The infective dose of L. monocytogenes varies with the strain and with the susceptibility of the victim. From cases contracted through raw or supposedly pasteurized milk, one may safely assume that in susceptible persons, fewer than 1,000 total organisms may cause disease. L. monocytogenes may invade the gastrointestinal epithelium. Once the bacterium enters the host's monocytes, macrophages, or polymorphonuclear leukocytes, it becomes blood-borne (septicemic) and can grow. Its presence intracellularly in phagocytic cells also permits access to the brain and probably transplacental migration to the fetus in pregnant women. The pathogenesis of L. monocytogenes centers on its ability to survive and multiply in phagocytic host cells.


Sounds pretty nasty, and the article says there is a 25% death rate.

posted on Jun, 20 2007 @ 06:00 AM
Dear All

Listeria is a common food spoilage organism, so is salmonella, certain bacillus species, clostrida species(botulism) and the list goes on.

What that paper does not say is that refridgerators DO NOT kill bacterial spoilage organisms they merely slow down or halt their growth. They are still there in low numbers. Not numbers high enough to cause a food poisoning infection. If you neutralise (please DO NOT do this) your stomach acid with a dilute alkali solution, of say sodium hydroxide. The infectious does of bacteria can drop as low as 500 cfu (colony forming units). This is an incredibly small number, you may have over 1000,000 colony forming units per milliliter in a solution before you can even see it with the naked eye. So you can see what protection we have naturally in the way we eat and digest our food.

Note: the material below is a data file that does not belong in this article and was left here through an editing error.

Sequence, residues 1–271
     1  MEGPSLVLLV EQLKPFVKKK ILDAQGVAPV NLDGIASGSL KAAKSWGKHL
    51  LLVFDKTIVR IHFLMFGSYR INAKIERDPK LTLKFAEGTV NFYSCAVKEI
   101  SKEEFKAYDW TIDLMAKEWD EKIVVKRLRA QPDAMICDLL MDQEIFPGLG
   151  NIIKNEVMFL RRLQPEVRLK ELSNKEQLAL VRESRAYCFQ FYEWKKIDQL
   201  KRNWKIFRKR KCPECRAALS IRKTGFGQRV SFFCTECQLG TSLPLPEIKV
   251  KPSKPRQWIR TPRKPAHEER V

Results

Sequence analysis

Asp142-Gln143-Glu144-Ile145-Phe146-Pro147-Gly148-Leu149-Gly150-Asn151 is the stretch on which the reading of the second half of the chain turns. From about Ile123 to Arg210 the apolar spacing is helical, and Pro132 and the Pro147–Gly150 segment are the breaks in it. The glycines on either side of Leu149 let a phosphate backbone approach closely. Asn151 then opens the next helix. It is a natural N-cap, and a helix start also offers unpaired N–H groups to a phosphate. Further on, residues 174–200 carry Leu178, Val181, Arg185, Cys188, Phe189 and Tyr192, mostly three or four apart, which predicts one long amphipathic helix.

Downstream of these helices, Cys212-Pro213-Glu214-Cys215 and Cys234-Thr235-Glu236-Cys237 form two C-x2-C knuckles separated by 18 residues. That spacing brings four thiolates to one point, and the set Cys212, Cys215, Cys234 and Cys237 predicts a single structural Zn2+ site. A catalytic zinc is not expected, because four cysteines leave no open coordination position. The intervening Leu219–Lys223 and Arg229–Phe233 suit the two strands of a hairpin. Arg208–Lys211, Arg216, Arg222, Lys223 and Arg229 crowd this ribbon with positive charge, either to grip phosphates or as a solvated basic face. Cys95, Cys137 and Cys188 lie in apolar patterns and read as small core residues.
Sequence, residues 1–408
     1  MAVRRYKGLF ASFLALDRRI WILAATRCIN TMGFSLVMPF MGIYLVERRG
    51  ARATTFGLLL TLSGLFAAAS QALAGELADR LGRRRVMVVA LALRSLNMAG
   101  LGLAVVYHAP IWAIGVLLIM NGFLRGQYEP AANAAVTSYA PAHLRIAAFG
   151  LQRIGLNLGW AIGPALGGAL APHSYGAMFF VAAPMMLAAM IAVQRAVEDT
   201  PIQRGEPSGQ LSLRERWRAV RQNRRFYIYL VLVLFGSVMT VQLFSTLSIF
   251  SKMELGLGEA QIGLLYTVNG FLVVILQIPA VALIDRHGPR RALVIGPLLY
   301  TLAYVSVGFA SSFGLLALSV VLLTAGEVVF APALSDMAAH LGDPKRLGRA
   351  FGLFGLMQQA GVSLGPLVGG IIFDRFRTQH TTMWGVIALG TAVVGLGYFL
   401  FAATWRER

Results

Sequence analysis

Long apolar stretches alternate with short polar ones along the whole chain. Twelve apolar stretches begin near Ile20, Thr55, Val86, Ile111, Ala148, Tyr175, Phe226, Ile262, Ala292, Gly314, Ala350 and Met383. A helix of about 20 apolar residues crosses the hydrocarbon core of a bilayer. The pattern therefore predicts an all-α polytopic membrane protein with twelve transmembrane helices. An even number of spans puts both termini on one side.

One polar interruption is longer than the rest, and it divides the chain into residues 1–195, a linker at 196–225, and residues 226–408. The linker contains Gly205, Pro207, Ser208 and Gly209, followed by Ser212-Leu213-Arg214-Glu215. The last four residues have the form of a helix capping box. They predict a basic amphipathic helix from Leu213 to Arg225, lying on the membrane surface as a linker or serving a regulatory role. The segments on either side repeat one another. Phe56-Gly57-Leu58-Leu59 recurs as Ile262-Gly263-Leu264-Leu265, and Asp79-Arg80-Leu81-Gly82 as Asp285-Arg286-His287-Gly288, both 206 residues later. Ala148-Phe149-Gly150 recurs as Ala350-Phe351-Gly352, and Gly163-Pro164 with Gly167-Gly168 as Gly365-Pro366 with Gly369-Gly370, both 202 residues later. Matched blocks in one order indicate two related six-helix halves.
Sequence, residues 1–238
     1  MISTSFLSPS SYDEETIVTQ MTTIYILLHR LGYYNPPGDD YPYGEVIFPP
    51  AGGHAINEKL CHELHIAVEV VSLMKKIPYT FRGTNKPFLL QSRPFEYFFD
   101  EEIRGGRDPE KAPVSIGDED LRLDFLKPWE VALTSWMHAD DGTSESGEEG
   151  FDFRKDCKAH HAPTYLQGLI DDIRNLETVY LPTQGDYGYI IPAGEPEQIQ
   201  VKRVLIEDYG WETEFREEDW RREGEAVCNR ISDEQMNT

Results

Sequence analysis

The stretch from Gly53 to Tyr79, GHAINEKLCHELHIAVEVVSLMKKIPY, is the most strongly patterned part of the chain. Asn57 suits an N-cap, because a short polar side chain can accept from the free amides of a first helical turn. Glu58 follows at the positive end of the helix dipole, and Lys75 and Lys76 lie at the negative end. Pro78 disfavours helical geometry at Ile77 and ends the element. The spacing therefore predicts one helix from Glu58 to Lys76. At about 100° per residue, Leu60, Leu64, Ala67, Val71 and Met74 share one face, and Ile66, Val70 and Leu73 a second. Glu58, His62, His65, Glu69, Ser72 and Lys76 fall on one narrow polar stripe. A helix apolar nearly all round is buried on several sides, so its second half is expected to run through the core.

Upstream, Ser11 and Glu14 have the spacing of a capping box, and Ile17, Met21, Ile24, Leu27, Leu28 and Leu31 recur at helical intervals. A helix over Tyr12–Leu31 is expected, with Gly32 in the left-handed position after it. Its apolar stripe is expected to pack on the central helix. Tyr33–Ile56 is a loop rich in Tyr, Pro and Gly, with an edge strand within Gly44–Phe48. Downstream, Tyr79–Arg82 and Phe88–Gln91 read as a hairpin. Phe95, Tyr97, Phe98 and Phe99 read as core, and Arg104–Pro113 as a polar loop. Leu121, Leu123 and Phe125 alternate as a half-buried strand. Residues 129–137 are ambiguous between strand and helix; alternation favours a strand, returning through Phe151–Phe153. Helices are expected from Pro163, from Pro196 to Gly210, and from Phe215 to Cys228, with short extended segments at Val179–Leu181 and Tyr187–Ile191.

Packaging in a protected environment reduces the growth of many bacterial or other spoilage species, only cleaning and careful handling before packaging reduces the number actually present.

As an interesting point, the soil ( that stuff you see on the outside of organic produce btw) is one of the largest sources of bacteria we have. Including listeria..Another rich source of bugs is human saliva etc...

What that article should have said is that "when lysteria is present" this can happen not that per se it just does. Carefull technologies have been developed to reduce the incidence of infection with listeria in the food in the first place. Without that careful packaging is a waste of time and a paper bag does just as well.

Don't be alarmed guys this is all just pure nature at it's best. Now you are aware of what bacetriologists and microbiologists have been aware of for many many years.

You guys should see what grows on what in my fridge....I know about this stuff and still things get mouldy before I chuck them away....